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Obtaining Accurate Isotopic Compositions with the Double Spike Technique: Practical Considerations

Research output: Contribution to journalReview article

Original languageEnglish
Pages (from-to)5-22
Number of pages18
JournalGeostandards and Geoanalytical Research
Issue number1
Early online date22 Dec 2018
DateAccepted/In press - 6 Nov 2018
DateE-pub ahead of print - 22 Dec 2018
DatePublished (current) - 1 Mar 2019


Ever‐increasing precision in isotope ratio measurements requires a concomitant small bias and minimisation of inter‐laboratory bias. The double spike technique is the most suitable method to obtain reliable isotope composition data that are accurately corrected for instrumental mass fractionation. Compared with other methods, such as sample‐calibrator bracketing, only the double spike technique can correct for all sources of fractionation after equilibration of the sample with the double spike, such as that incurred during chemical separation and measurement. In addition, it is not dependent on a priori assumptions of perfect matrix matching of samples to reference materials or quantitative recovery of the sample through the chemical separation procedure to yield accurate results. In this review article, we present a detailed discussion of the merits of the double spike technique, how to design and calibrate a suitable double spike and analytical strategies. Our objective is to offer a step‐by‐step introduction to the use of the double spike technique in order to lower potential barriers that researchers new to the subject might face, such that double spiking will replace sample‐calibrator bracketing as the measurement method of choice.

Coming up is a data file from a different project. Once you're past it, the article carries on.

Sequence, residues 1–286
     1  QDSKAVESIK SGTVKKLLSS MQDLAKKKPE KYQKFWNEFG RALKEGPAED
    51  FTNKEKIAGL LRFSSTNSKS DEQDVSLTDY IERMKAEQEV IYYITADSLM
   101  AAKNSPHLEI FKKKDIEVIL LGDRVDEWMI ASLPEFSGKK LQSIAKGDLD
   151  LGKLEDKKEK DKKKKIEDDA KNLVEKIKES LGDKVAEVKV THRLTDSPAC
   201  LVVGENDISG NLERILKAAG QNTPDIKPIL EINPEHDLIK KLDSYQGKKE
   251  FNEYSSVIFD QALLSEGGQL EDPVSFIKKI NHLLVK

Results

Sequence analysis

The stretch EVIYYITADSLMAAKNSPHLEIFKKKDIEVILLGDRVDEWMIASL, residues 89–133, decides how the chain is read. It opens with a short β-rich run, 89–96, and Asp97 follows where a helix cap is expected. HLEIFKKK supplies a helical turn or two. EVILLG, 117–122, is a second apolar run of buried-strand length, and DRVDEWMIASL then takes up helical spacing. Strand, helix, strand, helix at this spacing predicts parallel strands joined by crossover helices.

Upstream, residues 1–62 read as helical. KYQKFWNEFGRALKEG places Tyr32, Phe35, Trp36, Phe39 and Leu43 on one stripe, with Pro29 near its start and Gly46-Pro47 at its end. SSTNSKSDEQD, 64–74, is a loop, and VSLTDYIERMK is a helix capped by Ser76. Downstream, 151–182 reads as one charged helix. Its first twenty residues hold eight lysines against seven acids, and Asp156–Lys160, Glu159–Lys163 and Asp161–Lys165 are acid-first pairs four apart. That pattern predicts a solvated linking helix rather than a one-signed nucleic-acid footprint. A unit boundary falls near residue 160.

Research areas

  • double spike method, instrumental mass fractionation, mass-dependent isotope variation, spike calibration, measurement procedure optimisation

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    Rights statement: his is the author accepted manuscript (AAM). The final published version (version of record) is available online via Wiley at . Please refer to any applicable terms of use of the publisher.

    Accepted author manuscript, 471 KB, PDF document


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